Grand Trunk Saloon: good food and history

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Grand Trunk Saloon
30 Ontario Street South
Kitchener, ON N2G 1X2

I’m sure it has been a very long time – if there ever was a time – since we’ve had a saloon in Kitchener, but a modern version of the classic western American bar has graced the space on Ontario Street South between King and Charles streets that was vacated by the popular Marisol Restaurante for a few years now.

It’s a great venue, so I thought I’d revisit it — and its history.

The Grand Trunk Saloon, by virtue of its name, has an interesting history and offers something unique to downtown Kitchener as it continues to build and evolve.

Core of super-cool restos

“When we came here a few years ago, there were a couple of things missing in the downtown core of Kitchener and we know we add to the mix of super-cool restaurants showing up now,” Haus said.

Haus also owns the popular, eclectic and super-fun tiki cocktail venue a few steps away on Ontario Street, Grand Surf Lounge.

“The name is certainly inspired by the Grand Trunk Railway,” said Patel. “The saloon part came about because we wanted something unpretentious. We want people to come in here and be able to be relaxed and casual.”

The name and concept of Grand Trunk Saloon (GTS) captures both historic and current elements: The Grand Trunk Railway of Canada became the major railroad connecting Toronto and Montreal in the years before Confederation.

It was an important transportation mode that also helped to build Kitchener (then Berlin) and the surrounding towns and areas when it arrived here in 1856. There was a small station built at Weber and Victoria streets, which, though renovated, is now the VIA Rail station.

Patel remarks that today the railway reference is entirely fitting, given the arrival of the ION Light Rail Transit that runs just outside the door — and whose construction storms and obstacles they successfully weathered.

No trappers, prospectors, cowboys

“The name is certainly inspired by the Grand Trunk Railway,” said Patel. “The saloon part came about because we wanted something unpretentious. We want people to come in here and be able to be relaxed and casual.”

Indeed, the idea of a western saloon lends itself to the casual concept. Having evolved in the early 1800s, the American saloon served trappers, prospectors and cowboys, focusing on beer and spirits with food only as a secondary concern.

There likely are few trappers and prospectors in these parts (of the cowboys, I am unsure); however, Haus says the restaurant will focus strongly on food but will not be a barbecue restaurant, except for some “bits and pieces.”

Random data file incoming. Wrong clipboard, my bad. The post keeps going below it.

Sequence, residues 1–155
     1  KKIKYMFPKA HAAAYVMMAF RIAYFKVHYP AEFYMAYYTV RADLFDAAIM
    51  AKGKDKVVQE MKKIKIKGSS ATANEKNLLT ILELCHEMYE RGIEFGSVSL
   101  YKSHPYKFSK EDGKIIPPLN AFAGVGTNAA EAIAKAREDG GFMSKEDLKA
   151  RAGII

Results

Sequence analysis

Small plates and terrific cocktails

Rather, he adds, GTS will capture the spirit of the food of New Orleans and regions like low country South Carolina. “It’s based heavily on bar snacks, small plates and dishes that people can share,” he said.

Without a doubt, the Saloon has some of the best cocktails in southwestern Ontario, the beverage category being a passion and expertise of Haus and GTS bartenders; they whip up inventive and delicious drink with home-made ingredients such as their popular “Coffee and Cigarettes,” with Bourbon, Amaro and their house-made tobacco bitters. It’s a very, very good drink.

Dan Reiss, a master bartender, formerly at GTS, helped build their cocktail rep.

Chef Rich Hodge takes care of the kitchen and back of house. You will currently find his jambalaya, chicken and waffles, duck gumbo and a cast-iron burger on the menu.

I have to point out: the fried chicken, a six-piece bucket for $20, is simply fantastic.

Arts and culture too

GTS, at least before the plague hit, has also been an arts and culture centre too: the interior of the restaurant displays works by local artists and photographers, as well as featuring an acoustic music component and local musicians.

I sincerely hope that aspect can return to all the music venues in Waterloo Region very soon.

That spectre of construction and the traffic disruption that was part of the downtown core now having settled, GTS, Grand Surf, Sugar Run, the re-opening of the Walper Hotel’s TWH Social and a refurbishment of The Rich Uncle, and more, signal that a food-and-beverage “density” is building in the city centre.

The Saloon and other businesses — more than ever in the conditions of the pandemic — are looking for the momentum to build again, according to Patel.

“We think with all the additions to the core, downtown Kitchener will be the food destination that we want it to be.”

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